Ming Smith, “America seen through Stars and Stripes, New York City, New York” (printed ca. 1976), gelatin silver print, sheet: 15 3/4 × 20 inches; image: 12 1/2 × 18 1/2 inches (© Ming Smith; image courtesy Virginia Museum of Fine Arts)

Working Together: the Photographers of the Kamoinge Workshop

When: through March 28, 2021
Where: Whitney Museum of American Art (advance tickets required) (99 Gansevoort Street, Meatpacking, Manhattan)

Spotlighting 14 members of the celebrated Black photography collective Kamoinge (a Kikuyu word for “a group of people acting together”), Working Together highlights the importance of self-representation. Founded in 1963, the images produced by these distinct luminaries chronicle times of significant social upheaval and reflect nuanced perspectives on communities long mischaracterized by news media.

Leslie Cheung and Tony Leung Chiu-wai in Happy Together (1997), dir. Wong Kar Wai (image courtesy Film at Lincoln Center)

The World of Wong Kar Wai

When: through January 1, 2021
Where: Online via Film at Lincoln Center

Five weeks of films by the cinematic giant who brought us gems like In the Mood for Love, Chungking Express, and Happy Together — need I say more? In a partnership with distributor Janus Films, Film at Lincoln Center’s full retrospective features several new restorations of Wong’s most celebrated films, as well as an opportunity to catch some of his lesser-known but equally important works.

From America (2019), dir. Garrett Bradley (image courtesy the filmmaker)

Projects: Garrett Bradley

When: November 21, 2020–March 21, 2021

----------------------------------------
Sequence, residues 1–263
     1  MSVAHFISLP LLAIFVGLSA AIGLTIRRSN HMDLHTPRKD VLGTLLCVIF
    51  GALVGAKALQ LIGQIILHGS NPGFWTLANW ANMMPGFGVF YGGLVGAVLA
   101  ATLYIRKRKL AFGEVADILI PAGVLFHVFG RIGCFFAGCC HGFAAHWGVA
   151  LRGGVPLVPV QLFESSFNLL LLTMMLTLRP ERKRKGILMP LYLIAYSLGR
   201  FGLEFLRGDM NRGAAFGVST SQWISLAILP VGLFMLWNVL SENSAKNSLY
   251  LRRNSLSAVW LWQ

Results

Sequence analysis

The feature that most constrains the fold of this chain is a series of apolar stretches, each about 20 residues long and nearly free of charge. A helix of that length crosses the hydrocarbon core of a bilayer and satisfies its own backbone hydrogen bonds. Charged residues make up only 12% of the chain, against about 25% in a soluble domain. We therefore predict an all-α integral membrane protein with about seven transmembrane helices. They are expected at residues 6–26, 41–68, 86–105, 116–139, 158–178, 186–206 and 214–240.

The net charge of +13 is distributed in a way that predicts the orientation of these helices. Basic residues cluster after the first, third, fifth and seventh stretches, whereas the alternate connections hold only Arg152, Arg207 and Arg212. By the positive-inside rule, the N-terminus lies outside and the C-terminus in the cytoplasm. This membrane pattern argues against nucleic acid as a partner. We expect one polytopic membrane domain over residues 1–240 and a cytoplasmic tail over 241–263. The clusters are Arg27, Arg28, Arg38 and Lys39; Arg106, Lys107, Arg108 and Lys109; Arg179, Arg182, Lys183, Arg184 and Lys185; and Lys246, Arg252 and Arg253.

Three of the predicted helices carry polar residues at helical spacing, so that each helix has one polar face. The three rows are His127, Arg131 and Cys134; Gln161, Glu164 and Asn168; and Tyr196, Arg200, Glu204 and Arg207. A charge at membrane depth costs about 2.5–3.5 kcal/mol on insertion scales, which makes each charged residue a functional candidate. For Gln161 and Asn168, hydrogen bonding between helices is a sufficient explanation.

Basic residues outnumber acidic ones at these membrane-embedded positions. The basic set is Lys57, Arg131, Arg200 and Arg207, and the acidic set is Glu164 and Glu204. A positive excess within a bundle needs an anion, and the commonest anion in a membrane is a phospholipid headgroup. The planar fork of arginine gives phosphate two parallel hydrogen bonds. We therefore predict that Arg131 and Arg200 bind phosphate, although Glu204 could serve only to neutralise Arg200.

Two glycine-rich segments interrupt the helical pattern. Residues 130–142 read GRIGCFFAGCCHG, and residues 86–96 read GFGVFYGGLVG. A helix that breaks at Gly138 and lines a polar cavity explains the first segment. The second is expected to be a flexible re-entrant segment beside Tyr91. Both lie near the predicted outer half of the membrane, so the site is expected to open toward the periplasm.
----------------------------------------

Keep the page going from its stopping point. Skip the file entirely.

Where: Online and in-person at the Museum of Modern Art (advanced timed tickets required) (11 West 53rd Street, Midtown, Manhattan)

Building off of her celebrated film America (2019), Bradley’s solo exhibition likewise aims to fill in the gaps of Black film history by focusing on the stories of individuals lost to time and institutional neglect. Twelve short black-and-white films, shot by Bradley and scored by artist Trevor Mathison and composer Udit Duseja, center figures like the African American composer and singer Harry T. Burleigh and Bahamian-American performer and actor Bert Williams, whose once-lost-and-now-restored film Lime Kiln Club Field Day (1913) remains a progressive example of how cinema could have treated Black stories (but didn’t) in its early days.

Sandra Wazaz, What’s the word for worse than depression? (Still) (2018), video and sound, TRT: 00:05:11 (image courtesy the artist)

support structures

When: opens December 3
Where: Online via 8th Floor

Originally conceived as a physical exhibition, support structures looks at our foundations. Bringing together the work of eight artists whose practices consider the presence (and absence) of structures that undergird our society — be they physical, emotional, architectural, or social — support structures hones in on issues of sustainability and interdependence.

From In Sudden Darkness (2020), dir. Tayler Montague (image courtesy BAM)

Programmers’ Notebook: New York Lives

When: December 4, 2020–January 3, 2021
Where: Online via Brooklyn Academy of Music

A cinematic tour of the city, New York Lives offers a welcome revisiting of a landscape that’s felt so close yet so far away amid these many months of quarantine. Featuring celebrated works like Los Sures (1984) and Dark Days (2000), alongside recent gems like Through the Night and In Sudden Darkness, New York Lives highlights local talent and offers a refresher on the many quirks and complications of this city we call home.

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Dessane Lopez Cassell

Dessane Lopez Cassell is a New York based editor, writer, and film curator, as well as the former reviews editor at Hyperallergic. You can follow her work here.